ESR 30:53-71 (2016)  -  DOI: https://doi.org/10.3354/esr00713

Behavioural responses of western gray whales to a 4-D seismic survey off northeastern Sakhalin Island, Russia

Glenn Gailey1,*, Olga Sychenko1, Trent McDonald2, Roberto Racca3, Alexander Rutenko4, Koen Bröker5,6

1Texas A&M University, 200 Seawolf Pkwy, Galveston, TX 77553, USA
2West, Inc. Western EcoSystems Technology, 200 S. Second St., Laramie, WY 82070, USA
3JASCO Applied Sciences (Canada) Ltd., 2305–4464 Markham Street, Victoria, BC V8Z 7X8, Canada
4V.I. Il’ichev Pacific Oceanological Institute FEB RAS, ul. Baltiiskaya 43, Vladivostok 690041, Russia
5Shell Global Solutions, Lange Kleiweg 40, 2288GK Rijswijk, The Netherlands
6Marine Evolution and Conservation, Groningen Institute for Evolutionary Life Sciences, University of Groningen, Nijenborgh 7, 9747AG Groningen, The Netherlands
*Corresponding author:

ABSTRACT: A seismic survey was conducted off the northeastern coast of Sakhalin Island, Russia in 2010. The survey area was adjacent to the only known near-shore feeding ground of the Critically Endangered population of western gray whales Eschrichtius robustus in the western Pacific south of the Aleutian Islands. This study examined the effectiveness of efforts to minimize the behavioural responses of the whales to vessel proximity and sound during the survey. Two shore-based behavioural observation teams monitored whale movements and respirations pre-, during and post-seismic survey. Theodolite tracking and focal-animal follow methods were used to collect behavioural data. Mixed linear models were used to examine deviations from ‘normal’ patterns in 10 movement and 7 respiration response variables in relation to vessel proximity, vessel/whale relative orientations and 8 received sound metrics to examine if seismic survey sound and/or vessel activity influenced the whales’ behaviour. Behavioural state and water depth were the best ‘natural’ predictors of whale movements and respiration. After considering natural variation, none of the response variables were significantly associated with seismic survey or vessel sounds. A whale’s distance from shore and its orientation relative to the closest vessel were found to be significantly influenced by vessel proximity, which suggested some non-sound related disturbance. The lack of evidence that the whales responded to seismic survey sound and vessel traffic by changing either their movement or respiration patterns could indicate that the current mitigation strategy is effective. However, power analyses suggest that our sample sizes were too small to detect subtle to moderate changes in gray whale behaviour.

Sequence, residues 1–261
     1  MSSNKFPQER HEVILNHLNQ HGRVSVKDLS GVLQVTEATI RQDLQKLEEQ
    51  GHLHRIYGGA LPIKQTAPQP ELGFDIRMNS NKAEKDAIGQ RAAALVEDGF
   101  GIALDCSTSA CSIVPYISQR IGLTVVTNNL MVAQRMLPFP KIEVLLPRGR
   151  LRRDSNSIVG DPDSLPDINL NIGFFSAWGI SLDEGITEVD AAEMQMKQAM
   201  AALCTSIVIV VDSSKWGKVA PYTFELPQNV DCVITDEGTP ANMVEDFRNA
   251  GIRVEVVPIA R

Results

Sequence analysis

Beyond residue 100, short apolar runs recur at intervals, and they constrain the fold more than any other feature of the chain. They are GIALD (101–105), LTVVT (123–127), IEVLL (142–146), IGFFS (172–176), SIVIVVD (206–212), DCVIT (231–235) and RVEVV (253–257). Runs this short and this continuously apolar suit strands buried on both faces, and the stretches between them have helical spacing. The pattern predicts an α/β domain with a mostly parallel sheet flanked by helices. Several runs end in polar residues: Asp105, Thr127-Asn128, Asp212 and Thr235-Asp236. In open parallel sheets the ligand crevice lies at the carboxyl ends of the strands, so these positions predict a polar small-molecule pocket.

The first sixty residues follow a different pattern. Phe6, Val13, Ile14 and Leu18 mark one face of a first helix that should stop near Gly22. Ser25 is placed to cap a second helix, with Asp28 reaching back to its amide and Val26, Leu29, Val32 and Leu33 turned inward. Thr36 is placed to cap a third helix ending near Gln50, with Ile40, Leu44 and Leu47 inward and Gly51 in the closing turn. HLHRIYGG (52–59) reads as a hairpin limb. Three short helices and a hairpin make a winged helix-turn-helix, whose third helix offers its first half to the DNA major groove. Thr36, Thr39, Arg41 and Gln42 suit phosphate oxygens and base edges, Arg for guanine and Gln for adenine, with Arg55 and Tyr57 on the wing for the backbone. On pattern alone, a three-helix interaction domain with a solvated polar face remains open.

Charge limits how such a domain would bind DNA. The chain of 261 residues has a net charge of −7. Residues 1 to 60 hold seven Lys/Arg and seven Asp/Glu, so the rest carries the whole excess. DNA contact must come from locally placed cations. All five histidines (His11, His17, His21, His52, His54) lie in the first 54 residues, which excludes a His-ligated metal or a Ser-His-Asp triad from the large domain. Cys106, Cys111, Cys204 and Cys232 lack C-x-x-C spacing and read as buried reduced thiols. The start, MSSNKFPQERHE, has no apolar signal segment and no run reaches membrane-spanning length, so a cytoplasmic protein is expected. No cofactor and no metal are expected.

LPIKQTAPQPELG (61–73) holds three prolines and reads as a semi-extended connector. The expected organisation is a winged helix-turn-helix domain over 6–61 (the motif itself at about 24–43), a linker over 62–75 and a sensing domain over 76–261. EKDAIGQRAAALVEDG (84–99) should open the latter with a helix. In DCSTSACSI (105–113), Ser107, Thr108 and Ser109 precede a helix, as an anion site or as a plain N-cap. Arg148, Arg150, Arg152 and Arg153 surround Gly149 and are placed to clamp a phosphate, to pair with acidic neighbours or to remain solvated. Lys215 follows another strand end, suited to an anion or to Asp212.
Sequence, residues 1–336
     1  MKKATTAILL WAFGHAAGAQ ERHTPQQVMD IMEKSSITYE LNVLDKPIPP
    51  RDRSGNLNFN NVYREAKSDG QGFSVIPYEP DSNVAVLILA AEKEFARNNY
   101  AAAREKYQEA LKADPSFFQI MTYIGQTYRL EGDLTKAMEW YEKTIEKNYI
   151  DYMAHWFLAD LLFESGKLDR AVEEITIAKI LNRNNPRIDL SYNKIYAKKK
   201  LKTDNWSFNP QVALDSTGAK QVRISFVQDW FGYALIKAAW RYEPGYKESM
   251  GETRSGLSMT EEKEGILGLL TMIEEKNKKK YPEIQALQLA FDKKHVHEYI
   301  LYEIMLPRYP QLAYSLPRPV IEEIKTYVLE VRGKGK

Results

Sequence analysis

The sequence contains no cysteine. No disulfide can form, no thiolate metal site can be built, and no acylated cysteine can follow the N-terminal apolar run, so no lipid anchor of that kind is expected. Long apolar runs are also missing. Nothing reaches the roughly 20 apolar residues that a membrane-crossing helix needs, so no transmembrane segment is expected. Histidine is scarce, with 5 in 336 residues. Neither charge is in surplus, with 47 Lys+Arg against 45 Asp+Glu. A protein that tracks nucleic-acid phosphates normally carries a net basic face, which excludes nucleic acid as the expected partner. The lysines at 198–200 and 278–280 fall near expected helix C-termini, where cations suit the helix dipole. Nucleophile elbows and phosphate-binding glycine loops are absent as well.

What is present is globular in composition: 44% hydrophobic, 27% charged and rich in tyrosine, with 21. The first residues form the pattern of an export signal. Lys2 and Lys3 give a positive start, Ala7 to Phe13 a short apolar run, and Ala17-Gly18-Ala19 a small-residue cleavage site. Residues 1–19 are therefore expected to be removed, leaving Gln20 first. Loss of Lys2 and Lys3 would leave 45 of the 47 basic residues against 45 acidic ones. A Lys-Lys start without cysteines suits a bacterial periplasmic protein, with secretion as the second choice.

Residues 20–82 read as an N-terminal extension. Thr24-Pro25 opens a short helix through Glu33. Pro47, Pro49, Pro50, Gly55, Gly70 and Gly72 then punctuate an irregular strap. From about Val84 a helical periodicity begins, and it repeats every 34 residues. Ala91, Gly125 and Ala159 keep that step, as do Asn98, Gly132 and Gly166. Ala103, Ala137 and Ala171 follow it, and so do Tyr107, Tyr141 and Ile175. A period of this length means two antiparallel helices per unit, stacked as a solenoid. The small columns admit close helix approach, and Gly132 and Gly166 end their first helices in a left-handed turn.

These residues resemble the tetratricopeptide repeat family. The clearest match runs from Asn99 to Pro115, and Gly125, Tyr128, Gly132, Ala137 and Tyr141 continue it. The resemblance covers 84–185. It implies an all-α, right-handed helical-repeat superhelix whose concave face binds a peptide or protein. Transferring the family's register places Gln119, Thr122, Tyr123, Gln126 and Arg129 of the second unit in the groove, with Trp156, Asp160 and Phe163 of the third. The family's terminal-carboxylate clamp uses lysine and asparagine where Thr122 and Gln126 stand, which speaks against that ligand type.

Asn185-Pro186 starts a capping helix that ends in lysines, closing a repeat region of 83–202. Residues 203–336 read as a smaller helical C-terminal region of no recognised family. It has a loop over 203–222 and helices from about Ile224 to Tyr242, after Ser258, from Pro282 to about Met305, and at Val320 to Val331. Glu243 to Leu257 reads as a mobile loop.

KEY WORDS: Western gray whale · Behaviour · Seismic survey · Anthropogenic disturbance · Movement · Respiration


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Cite this article as: Gailey G, Sychenko O, McDonald T, Racca R, Rutenko A, Bröker K (2016) Behavioural responses of western gray whales to a 4-D seismic survey off northeastern Sakhalin Island, Russia. Endang Species Res 30:53-71. https://doi.org/10.3354/esr00713

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